Saudi Arabia-based bookstore chain Jarir Marketing Co. plans to expand the number of its stores by at least 70 per cent in the next five years to take advantage of the Gulf region’s rapid population growth.
The kingdom’s largest listed retailer plans to spend 120-150 million riyals ($32-40 million U.S.) a year, or about 20 per cent of retained earnings, on the expansion, chairman Muhammad al-Agil told the Reuters Middle East Investment Summit on Monday.
“It’s low-hanging fruit … We are growing in Saudi and in the Gulf, and we want to see that we populate the GCC,” he said, referring to the Gulf Cooperation Council, which also includes the United Arab Emirates, Kuwait, Qatar, Bahrain and Oman.
“Between Saudi and the GCC, it will allow us to (almost) double our size in the coming five years.”
Jarir’s experience underlines how population growth, not just oil wealth, is fuelling corporate expansion in Saudi Arabia and the six-member GCC.
The company has grown from a single store on a Riyadh street in 1979 into a chain with 32 stores in the kingdom. It sells books and office supplies, and has also become a major electronics retailer.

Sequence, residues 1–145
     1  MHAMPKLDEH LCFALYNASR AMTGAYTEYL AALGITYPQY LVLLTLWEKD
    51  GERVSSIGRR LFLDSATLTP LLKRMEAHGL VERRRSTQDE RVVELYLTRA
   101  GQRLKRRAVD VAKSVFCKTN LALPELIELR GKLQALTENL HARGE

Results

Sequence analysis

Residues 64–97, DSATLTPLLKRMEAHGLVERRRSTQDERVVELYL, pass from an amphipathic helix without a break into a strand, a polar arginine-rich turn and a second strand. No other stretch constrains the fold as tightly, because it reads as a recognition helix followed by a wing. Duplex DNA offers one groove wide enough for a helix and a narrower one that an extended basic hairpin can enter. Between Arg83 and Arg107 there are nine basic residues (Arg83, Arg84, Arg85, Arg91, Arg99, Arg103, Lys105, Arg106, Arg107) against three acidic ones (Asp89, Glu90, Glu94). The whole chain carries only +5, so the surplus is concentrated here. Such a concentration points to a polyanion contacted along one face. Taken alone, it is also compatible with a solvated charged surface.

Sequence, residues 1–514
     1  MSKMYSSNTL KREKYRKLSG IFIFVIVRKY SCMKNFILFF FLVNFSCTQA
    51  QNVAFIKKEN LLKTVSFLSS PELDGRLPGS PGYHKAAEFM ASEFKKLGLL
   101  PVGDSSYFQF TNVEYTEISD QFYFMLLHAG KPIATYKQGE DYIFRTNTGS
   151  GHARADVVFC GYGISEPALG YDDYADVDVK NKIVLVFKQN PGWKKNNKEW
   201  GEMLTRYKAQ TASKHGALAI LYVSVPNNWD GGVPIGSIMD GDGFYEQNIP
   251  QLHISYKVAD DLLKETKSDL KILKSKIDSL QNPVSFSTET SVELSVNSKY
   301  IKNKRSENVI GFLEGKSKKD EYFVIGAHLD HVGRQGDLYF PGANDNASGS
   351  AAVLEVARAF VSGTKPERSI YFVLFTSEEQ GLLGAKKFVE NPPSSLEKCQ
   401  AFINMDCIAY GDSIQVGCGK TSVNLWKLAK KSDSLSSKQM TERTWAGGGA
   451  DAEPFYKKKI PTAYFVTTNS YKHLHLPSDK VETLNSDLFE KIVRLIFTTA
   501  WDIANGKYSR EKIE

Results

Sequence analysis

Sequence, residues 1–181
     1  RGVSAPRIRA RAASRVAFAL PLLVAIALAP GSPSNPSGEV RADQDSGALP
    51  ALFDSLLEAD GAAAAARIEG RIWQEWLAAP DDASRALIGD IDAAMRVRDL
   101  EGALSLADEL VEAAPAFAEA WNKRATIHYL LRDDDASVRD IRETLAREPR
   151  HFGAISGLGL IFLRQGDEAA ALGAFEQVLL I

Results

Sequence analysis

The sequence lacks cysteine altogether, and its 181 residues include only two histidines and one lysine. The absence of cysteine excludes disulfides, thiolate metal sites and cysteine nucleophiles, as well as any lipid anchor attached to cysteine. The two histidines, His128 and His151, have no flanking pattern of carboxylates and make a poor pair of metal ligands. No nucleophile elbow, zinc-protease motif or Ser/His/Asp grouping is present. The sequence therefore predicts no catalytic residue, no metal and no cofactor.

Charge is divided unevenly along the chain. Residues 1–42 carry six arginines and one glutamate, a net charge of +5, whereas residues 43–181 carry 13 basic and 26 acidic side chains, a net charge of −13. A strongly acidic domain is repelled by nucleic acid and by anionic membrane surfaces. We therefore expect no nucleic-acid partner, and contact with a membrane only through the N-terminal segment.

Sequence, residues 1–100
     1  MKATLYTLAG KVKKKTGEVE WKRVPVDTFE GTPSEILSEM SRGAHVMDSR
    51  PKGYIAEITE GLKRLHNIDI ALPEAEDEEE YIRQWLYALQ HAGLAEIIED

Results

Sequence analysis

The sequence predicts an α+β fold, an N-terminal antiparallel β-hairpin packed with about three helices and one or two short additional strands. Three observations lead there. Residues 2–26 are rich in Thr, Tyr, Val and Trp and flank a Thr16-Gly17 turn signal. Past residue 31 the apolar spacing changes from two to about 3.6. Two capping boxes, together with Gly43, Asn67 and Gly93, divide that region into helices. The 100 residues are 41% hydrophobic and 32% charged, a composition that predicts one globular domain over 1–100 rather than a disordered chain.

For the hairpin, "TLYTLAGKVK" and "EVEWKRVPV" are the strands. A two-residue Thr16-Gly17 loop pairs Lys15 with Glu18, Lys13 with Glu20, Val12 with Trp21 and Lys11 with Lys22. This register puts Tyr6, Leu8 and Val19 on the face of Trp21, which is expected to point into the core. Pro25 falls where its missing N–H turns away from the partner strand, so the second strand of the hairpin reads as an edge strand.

For the next decade or so, population growth may support Jarir’s growth almost regardless of fluctuations in oil prices.
The GCC’s population is projected to climb by 30 per cent over a decade to more than 50 million in 2020, according to the Economist Intelligence Unit. Most of the 27 million people of Saudi Arabia, the largest Arab economy, are under the age of 30.
“The growth in consumer numbers means growth for a long time. There are a lot of young people,” said Mr. al-Agil, who co-founded the chain with his family.
He predicted the company would have more than 55 stores by 2017, which would roughly double its sales volume.
The firm expects to open about 80 per cent of its new stores in Saudi Arabia and says it already owns most of real estate needed for this expansion – an important advantage in a country where rising land prices have often crimped development plans.
The company’s stock price has risen 10 per cent so far this year, outperforming a 4-per-cent gain for Saudi Arabia’s main stock market index.
Stocks focused on domestic demand have outperformed this year as concern about the shaky global economy dampens stocks with major international exposure, such as petrochemicals.
In 2009, Mr. al-Agil said Jarir would consider expansion in North Africa after 2012, with Egypt a primary target. But he delayed those plans in 2011, after Egypt and other countries in the region were hit by the Arab Spring uprisings.
Given the boom in the Gulf, Mr. al-Agil said, Jarir is not in a hurry to move into North Africa. “We just keep looking at it and delaying it because we have the opportunities to open here … We have not finished in the GCC.”